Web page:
If European music’s rhythm was 2D, their culture’s rhythms were 3D. In other words, it was as if Europeans were still drawing without perspective, like old Egyptian 2D hieroglyphs, while these West African people were already far into advanced illustrations.

Building Blocks for the Blues

In fact, even from the time of being transplanted from West Africa to North America, the African people already had the building blocks of the blues. It’s surmisable that basslines for blues played today are almost note-for-note the same as the basslines from probably even before the 1800s, which is significant. This is evidenced from traditional West African Wassoulou music played today, which features basslines just like, for example, Albert King’s Matchbox Blues, although many other resemblences exist with other blues songs like Moanin’ At Midnight by Howlin’ Wolf.

Harmonically, right from these beginnings of the straight-up absurd slave trade, another building block was already present. Instruments such as the ngoni were tuned to the pentatonic scale; anyone who’s learned blues on an instrument knows that this is melodically key to the blues.

Thus, much like the way scientists predict that the beginning of life was brought about by a primordial soup of crucial organic compounds, the primordial soup of the blues was here; advanced, syncopated rhythms combined with pentatonic sounds. This is actually even without mentioning that the singing style of West Africa, influenced by their native cultures and perhaps even by Muslim cultures which had pollinated the area in the 8th century, was already singing in that kind of quivering, scalar style.

Influences from North America

As time went on, especially through the 1700s and 1800s, the environment of America inevitably influenced these primordial components. For one, the language of course changed. Being barred from speaking their language, these African people adapted their music for English from their native tongues.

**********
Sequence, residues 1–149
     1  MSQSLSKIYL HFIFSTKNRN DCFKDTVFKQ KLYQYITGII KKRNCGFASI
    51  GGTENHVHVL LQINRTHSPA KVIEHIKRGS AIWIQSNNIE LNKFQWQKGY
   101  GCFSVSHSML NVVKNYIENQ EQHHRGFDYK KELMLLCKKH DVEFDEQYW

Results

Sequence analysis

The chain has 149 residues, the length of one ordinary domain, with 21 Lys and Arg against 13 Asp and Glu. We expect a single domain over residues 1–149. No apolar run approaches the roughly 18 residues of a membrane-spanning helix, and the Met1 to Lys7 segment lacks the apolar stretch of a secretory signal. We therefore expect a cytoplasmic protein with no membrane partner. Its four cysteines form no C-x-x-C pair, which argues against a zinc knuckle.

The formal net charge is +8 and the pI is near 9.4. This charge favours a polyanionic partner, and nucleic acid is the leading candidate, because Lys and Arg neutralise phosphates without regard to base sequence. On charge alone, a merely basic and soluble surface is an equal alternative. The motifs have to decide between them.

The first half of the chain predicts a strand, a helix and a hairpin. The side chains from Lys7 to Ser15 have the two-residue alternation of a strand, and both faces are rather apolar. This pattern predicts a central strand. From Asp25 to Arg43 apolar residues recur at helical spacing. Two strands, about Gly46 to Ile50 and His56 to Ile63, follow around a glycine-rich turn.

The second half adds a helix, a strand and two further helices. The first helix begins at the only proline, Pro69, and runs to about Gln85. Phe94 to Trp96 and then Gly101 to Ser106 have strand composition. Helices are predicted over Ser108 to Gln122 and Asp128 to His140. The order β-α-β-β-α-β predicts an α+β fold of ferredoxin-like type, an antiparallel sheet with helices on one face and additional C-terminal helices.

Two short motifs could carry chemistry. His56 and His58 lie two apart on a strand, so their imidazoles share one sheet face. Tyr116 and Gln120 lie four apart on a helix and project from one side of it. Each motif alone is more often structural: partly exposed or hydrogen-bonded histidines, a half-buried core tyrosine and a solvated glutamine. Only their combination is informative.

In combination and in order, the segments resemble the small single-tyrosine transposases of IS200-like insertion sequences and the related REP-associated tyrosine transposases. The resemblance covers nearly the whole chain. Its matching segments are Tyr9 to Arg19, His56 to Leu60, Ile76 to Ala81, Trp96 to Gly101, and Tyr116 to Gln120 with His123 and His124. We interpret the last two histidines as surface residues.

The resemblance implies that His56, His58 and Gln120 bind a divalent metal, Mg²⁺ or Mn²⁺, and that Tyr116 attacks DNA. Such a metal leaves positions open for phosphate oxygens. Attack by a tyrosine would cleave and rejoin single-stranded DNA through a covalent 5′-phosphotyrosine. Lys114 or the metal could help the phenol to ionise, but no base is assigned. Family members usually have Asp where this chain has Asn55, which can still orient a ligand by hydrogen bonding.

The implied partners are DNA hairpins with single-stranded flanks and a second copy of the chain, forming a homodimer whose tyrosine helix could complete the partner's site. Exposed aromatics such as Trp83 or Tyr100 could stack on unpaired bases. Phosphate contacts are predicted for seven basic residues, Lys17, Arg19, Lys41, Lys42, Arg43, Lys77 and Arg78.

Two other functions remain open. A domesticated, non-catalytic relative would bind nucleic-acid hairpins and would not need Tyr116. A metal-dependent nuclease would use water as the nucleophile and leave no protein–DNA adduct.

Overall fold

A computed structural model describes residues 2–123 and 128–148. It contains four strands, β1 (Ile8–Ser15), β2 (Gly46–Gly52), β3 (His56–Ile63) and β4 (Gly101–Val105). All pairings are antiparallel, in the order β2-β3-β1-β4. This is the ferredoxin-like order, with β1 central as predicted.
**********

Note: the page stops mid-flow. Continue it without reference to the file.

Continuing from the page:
New Orleans early on

Next, the subject matter changed. Judeo-Christian subject matter was introduced, since these African people were also prohibited from practicing their initial faiths; also, subject matter related to their environment, from the Mississippi River to animals such as mares and boll-weevils, began to influence the song lyrics. Crucially also, the state of turmoil which Caucasians exerted upon Africans was also added to the songs.

Expressing Feelings of Despair

Therefore, colouring the rhythm and harmonies, this subject matter inspired the messaging of the music. Terribly, this messaging was no doubt one of sadness. Thus, it came out as being associated with the term “blues”. Treatment of Africans at this time is well-documented as being quite awful, which certainly motivated their expression via music. As an example, even after slavery was abolished in 1865, southern states concerned about their economic loss due to no more slavery, re-enabled slavery but in disguise. They enacted vagrancy laws combined with the convict lease system.